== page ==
Details of the group of 15 infants receiving the placebo (group A) and of the 15 infants receiving the sucrose (group B) are shown in table 1. The percentage of time spent crying and the behaviour score after lancing in the two different groups of babies, receiving the test solution into the mouth or into the stomach, are shown in table2.

Table 1

Details of 30 infants receiving either placebo or sucrose

Table 2

Percentage of time spent crying and behaviour score after lancing

A significant reduction in crying time (p=0.006) and in behaviour score (p=0.002) was present in the sucrose group (group B) compared with controls (group A) when babies received the solution intraorally. There was no significant difference for either behaviour score or crying time between solutions A and B when the nasogastric route was used. For infants given solution A (placebo), there were no significant differences in any of the two measured variables for either method of administration. For infants given solution B (25% sucrose), there was a significant reduction in behaviour score (p=0.001) and crying time (p=0.008) when they received the solution intraorally compared with when it was administered through the nasogastric tube.


This study was designed principally to determine whether the route by which sucrose is delivered determines its “analgesic” effect. The crying time and behaviour score were both significantly reduced when the neonates were given the sugar via the intraoral route rather than the nasogastric route (group B). Sucrose was no better than placebo when administered directly into the stomach as the babies receiving nasogastric administration of either solution A or B did not show any significant differences.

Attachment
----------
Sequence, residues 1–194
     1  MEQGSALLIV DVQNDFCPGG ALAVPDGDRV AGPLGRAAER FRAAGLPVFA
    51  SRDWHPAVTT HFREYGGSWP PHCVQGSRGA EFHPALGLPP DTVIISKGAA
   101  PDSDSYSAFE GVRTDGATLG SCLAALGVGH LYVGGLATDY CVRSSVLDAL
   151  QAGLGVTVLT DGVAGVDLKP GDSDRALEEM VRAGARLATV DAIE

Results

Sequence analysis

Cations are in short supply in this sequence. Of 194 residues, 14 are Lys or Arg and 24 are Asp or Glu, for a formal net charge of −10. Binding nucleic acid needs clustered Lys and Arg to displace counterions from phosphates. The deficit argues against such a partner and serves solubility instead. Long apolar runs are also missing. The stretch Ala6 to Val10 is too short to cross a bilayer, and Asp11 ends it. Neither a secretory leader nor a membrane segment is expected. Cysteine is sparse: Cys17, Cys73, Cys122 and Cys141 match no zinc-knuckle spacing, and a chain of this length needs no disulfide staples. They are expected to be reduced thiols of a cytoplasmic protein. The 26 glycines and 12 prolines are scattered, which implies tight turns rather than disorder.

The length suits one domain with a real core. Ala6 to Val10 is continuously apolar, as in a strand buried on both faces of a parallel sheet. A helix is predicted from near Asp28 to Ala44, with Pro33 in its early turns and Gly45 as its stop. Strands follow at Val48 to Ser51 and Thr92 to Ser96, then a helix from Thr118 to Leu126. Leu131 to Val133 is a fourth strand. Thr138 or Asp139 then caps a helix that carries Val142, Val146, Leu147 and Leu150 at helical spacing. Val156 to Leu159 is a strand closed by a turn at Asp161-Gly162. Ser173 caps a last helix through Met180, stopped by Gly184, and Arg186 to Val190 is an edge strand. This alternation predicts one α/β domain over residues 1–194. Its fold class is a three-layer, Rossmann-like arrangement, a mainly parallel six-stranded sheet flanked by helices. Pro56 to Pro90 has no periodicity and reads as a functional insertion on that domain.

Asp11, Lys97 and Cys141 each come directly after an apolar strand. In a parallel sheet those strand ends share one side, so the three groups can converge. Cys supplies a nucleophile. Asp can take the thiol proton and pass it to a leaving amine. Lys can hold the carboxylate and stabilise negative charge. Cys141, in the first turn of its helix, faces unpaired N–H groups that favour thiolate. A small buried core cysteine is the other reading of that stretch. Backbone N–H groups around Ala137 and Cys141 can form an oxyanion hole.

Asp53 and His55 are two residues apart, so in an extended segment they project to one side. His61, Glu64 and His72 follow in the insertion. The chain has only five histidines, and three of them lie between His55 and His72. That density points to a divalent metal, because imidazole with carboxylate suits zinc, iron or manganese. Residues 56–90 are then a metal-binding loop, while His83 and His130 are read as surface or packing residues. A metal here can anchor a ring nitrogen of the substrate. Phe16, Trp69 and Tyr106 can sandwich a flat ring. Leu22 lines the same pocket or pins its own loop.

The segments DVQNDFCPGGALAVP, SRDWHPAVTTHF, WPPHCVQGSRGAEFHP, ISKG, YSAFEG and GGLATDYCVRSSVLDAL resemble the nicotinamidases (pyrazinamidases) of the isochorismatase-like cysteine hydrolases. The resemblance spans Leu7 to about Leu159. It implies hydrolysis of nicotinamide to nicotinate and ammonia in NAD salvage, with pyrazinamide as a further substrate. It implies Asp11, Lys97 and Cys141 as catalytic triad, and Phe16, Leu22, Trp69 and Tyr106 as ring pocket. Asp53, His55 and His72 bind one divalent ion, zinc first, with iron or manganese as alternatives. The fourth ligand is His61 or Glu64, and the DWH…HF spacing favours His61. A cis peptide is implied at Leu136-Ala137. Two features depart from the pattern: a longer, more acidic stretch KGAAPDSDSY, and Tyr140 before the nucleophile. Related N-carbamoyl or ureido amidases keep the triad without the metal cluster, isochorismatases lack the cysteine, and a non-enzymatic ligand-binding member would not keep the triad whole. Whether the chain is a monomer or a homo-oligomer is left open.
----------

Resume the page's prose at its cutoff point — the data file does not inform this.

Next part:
The possibility that rapid absorption of sugars through the buccal mucosa may be involved in is contradicted by the lack of effects of sucrose after intragastric administration and the absence of scientific evidence that the absorption of sugars takes place through the buccal mucosa even for those sugar based drugs used intraorally to treat acute hypoglycaemia.4

Alternatively, the recruitment of “taste sense” could be the method by which intraoral administration of sucrose initiates analgesia and, possibly, activates the endogenous opioid system.1

The quality and the intensity of the sweet signal stimulating the taste sense is difficult to investigate. Human beings seem unable to discriminate between the taste of different sugars, a condition called “monogeusia”.5 The different sugars probably act along a common sensory pathway binding to a single class of cellular membrane receptors.5 The incapacity to distinguish between sucrose, fructose, and glucose could also explain why these three sugars promoted the same intensity of analgesia in rut pups, as observed by Blass.6 We obtained similar results in human neonates when comparing the effects due to sucrose and glucose.2

In conclusion, this study shows that the engagement of the taste sense is essential to promote the “sucrose analgesia” in neonates exposed to minor painful procedures.